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If every piece of meat you cook ends up too tough to eat or completely raw, it’s probably time to invest in a meat thermometer.
Since I’ve started using one in my own cooking, my meat has begun to consistently turn out perfect. Whether I’ve used a cheaper option or the most technologically sophisticated thermometer I could get my hands on, this kitchen tool has taken all the guesswork out of preparing meat. I no longer need need to press a steak with finger to see if it’s cooked enough, and I never end up with overdone pork chops or chicken. If I’m wondering is something or ready or not, I just pop the thermometer into the right spot and immediately know how much more time my food needs over heat.
Before you do invest in one, though, you’ll want to take a look at some of your options. The most rudimentary thermometers out there don’t cost a lot, but they’ll only give you the most basic temperature readings, and sometimes not very well. If you’re willing to spend just a bit more on a more advanced thermometer, it’ll work faster and more efficiently, and you can use it in so many more cooking projects that go way beyond meat.
These are your best options if you’re looking to add a meat thermometer to your kitchen tool collection. Plus, how to use them for the most accurate temperature readings, whether you’re cooking meat or something else.
Bimetallic thermometers usually cost under $20, and in most cases you can find them right at the supermarket. They tend to be in large supply around Thanksgiving, when everyone’s desperate to take the temperature of their turkey. In my experience, they’re cheap for a reason: They break really easily and frequently de-calibrate on their own, so when you try to use them again, the temperature readings are totally off. (Most thermometers are sold with manuals that will tell you how to recalibrate it, but it’s a pain to do again and again). It’s also really slow at actually taking the temperature, which is annoying when you’re trying to get in and out of the oven quickly.
You also can’t use bimetallic thermometers on food that’s less than three inches thick, because the temperature sensing coil within the thermometer is two and a half inches long, and it will not accurately detect the temperature unless it’s fully submerged, according to the USDA.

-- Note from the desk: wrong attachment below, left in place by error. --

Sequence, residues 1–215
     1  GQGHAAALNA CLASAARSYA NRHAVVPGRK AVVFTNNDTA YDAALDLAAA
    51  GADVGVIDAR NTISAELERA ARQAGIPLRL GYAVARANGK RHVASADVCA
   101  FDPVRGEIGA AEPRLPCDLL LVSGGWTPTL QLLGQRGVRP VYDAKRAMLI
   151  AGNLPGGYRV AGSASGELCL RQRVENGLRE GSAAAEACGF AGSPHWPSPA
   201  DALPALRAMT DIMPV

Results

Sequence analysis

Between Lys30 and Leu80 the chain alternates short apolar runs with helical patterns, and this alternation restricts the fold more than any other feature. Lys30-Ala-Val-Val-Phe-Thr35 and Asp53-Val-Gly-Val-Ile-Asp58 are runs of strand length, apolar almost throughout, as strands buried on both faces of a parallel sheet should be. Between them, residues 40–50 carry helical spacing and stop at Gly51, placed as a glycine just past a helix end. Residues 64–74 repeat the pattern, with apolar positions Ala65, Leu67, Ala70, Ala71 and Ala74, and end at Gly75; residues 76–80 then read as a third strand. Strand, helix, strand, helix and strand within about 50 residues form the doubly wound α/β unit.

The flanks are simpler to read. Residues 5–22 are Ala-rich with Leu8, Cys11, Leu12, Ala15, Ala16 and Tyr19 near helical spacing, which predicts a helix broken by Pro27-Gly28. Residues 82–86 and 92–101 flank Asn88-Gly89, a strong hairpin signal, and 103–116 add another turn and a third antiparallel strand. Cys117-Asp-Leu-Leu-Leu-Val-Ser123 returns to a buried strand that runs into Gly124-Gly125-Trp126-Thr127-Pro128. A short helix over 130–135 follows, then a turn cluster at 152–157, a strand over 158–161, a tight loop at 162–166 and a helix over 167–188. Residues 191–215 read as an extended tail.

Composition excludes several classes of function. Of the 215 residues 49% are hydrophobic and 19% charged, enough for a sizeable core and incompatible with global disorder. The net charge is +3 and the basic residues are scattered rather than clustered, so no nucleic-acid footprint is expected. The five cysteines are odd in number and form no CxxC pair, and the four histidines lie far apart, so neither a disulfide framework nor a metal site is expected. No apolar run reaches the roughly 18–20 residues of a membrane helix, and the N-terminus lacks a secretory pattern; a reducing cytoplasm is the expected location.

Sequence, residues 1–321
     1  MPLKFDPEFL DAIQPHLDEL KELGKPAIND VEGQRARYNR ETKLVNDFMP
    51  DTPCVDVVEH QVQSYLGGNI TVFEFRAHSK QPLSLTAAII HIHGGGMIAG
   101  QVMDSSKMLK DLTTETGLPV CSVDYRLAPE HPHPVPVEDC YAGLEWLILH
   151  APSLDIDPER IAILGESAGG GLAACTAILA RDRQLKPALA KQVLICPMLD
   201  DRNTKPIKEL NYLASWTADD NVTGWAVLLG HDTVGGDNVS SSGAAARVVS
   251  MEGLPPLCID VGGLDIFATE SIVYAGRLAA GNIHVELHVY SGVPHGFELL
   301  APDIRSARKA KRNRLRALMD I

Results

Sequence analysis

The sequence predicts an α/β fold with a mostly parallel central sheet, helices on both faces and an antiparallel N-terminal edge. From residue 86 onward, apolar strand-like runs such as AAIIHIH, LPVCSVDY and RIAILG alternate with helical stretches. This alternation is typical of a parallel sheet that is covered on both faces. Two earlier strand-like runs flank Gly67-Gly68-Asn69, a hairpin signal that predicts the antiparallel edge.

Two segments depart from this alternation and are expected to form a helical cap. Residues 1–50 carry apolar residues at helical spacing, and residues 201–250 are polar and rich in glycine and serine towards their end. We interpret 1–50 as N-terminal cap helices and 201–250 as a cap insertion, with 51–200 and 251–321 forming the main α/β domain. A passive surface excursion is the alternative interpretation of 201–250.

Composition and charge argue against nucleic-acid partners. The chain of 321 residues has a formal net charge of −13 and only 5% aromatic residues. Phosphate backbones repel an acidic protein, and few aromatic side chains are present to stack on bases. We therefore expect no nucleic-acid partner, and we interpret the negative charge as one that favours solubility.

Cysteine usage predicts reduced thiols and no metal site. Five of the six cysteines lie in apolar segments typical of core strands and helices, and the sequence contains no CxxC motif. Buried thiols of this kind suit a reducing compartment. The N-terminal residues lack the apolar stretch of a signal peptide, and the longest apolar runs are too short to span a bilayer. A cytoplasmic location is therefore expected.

If you’re interested in a bimetallic thermometer, you can buy one for $6 on Amazon.
Instant-read or probe thermometers
Unlike bimetallic thermometers, both instant read and probe thermometers are powered by electricity, so they will take the temperature way, way faster. And they’re both less fragile, too.
One big pro to a probe thermometer is that you can actually leave it in the meat as it cooks, so you’ll get live temperature readings throughout the process. One thing to keep in mind, though: All that exposure to heat will eventually wear down the cable and can cause it to break, and it can’t be re-calibrated like the others can. So while it may be great for larger, time-sensitive projects (like roasting a turkey) it’s maybe not the best for everyday temperature-taking.
On the other hand, instant-read thermometers do exactly what they promise: They take the temperature instantly. You’ll have to replace the battery every now and then, but in general, they last longer and give more accurate readings than your other options.
Some of the instant-read thermometers out there are really pricey, but you don’t have to spend a lot to get a good one. And you can also use it for a bunch of other fun projects besides meat to get your money’s worth. For example, you can also use it to precisely temper chocolate, make perfectly chewy candy, and whip up a batch of homemade yogurt.
How to test for accuracy
If you think your meat thermometer needs to be re-calibrated, here’s how you can know for sure: Stick the thermometer into both boiling and ice water—it should read 212 degrees F in boiling and 32 degrees F in ice, and if it doesn’t, then you’ll know you have a problem. If the temperature reading is off, check the instruction manual or the brand’s website for information on how you can recalibrate it.
How to take a proper temperature reading
No matter what kind of meat you’re cooking, stick your thermometer into its deepest spot to get the most accurate temperature reading—at least 1/2-inch deep. You want to make sure the entire thing is cooked, not just the exterior. When it comes to things like poultry, be sure to avoid touching any bones, fat, or gristle, as those parts can skew the results.
You’ll know any poultry is done when it reaches an internal temperature of 165 degrees F; beef, veal, pork, and lamb will be ready to go at 145 degrees F.
Pro tip: Stop cooking the meat when it’s 5 degrees away from the desired temperature. (I’ve made this mistake too many times.) Residual heat will cause meat to continue to cook, which means it might actually overcook while it’s resting.
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